On a hillside vineyard at Two Rock Ranch in Cotati, Niamh perched atop her long yellow talons on the gloved hand of Kenley Christensen.
As Christensen removed a leather hood from the 7-year-old falcon, Niamh (pronounced “neev”) tilted her little head to take in her surroundings, then snacked on a bit of quail that Christensen pulled out of a satchel on his hip.
A moment later, Niamh flapped her wings, spread them to their three-foot span and swooped out over the vineyards she patrols, circling low over rows of pinot noir and chardonnay.
It's an Old World tradition rarely seen in Sonoma County, where growing grapes for wine is a $400 million business. The falcon's job is to swoop through the vineyards and scare the starlings and other birds away from the valuable crop.
“It's scientific what they're doing,” said Jim Collins, senior director for coastal winegrowing at E&J Gallo, which owns Two Rock Ranch. “It really is an art.”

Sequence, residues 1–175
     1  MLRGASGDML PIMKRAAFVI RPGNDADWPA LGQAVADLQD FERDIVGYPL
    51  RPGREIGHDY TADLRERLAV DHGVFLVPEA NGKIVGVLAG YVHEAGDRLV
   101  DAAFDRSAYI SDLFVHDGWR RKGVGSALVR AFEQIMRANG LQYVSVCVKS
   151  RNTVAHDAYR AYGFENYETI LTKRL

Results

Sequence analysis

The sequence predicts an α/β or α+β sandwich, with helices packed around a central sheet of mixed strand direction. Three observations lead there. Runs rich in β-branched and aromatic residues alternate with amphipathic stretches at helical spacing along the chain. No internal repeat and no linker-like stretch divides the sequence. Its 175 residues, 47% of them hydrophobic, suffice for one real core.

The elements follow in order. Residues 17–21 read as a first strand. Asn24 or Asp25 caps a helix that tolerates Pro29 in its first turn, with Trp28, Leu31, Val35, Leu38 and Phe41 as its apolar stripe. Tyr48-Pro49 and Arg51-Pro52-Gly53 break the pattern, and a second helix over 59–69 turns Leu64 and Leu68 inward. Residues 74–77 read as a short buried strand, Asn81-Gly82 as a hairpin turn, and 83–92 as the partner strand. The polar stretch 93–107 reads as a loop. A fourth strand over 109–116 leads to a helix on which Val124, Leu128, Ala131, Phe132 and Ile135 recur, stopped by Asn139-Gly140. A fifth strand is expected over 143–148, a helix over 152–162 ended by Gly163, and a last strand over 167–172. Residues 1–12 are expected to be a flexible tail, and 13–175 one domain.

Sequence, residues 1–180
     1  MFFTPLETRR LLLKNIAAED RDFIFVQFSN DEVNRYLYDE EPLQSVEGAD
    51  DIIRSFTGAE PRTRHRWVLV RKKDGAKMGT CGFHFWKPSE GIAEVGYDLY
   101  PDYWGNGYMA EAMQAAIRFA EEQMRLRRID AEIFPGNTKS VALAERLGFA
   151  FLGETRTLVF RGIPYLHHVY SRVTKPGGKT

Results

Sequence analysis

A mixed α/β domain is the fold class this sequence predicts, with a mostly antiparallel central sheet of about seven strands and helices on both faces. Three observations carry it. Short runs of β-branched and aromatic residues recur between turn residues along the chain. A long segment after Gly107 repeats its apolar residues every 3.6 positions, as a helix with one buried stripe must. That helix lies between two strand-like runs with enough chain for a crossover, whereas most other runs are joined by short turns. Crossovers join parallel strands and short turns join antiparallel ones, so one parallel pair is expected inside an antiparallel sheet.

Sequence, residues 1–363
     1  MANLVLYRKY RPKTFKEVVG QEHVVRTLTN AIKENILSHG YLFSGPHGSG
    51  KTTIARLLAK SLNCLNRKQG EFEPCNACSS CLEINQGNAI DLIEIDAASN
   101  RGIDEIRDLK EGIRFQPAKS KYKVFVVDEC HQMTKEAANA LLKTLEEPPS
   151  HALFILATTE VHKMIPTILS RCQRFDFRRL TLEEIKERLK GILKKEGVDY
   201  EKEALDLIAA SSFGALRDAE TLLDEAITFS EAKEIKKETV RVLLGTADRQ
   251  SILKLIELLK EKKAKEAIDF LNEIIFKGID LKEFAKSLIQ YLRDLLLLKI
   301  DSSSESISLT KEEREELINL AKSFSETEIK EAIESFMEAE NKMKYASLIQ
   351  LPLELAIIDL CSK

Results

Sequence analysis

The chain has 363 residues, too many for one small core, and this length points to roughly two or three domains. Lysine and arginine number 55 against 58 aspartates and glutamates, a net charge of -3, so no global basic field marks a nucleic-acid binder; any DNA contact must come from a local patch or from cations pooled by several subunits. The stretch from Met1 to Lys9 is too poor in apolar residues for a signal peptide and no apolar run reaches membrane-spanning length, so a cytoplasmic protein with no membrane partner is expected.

The vineyard is on a flyway for starlings, who love to feast on the seeds of the grapes, Collins said. Without the falcon, he estimates Gallo could risk losing 20 percent of the vineyard's annual crop. The birds' pecks also can contribute to the spread of botrytis, or bunch rot, which is more likely to develop in grapes with split skins.
Vineyard managers employ many techniques to deter starlings and other birds, spreading netting over the vines or sounding thundering cannon-like booms that can disturb neighbors.
The falcon patrols about 400 acres of the company's rows in Cotati. In Gallo's other vineyards, natural predators like hawks are already present, leaving little need for a falcon.
Falcon and falconer cost about $150 to $200 an acre for the season, Collins said, compared to about $300 an acre for netting. For many smaller vineyards, the per-acre price for a falconer is prohibitive.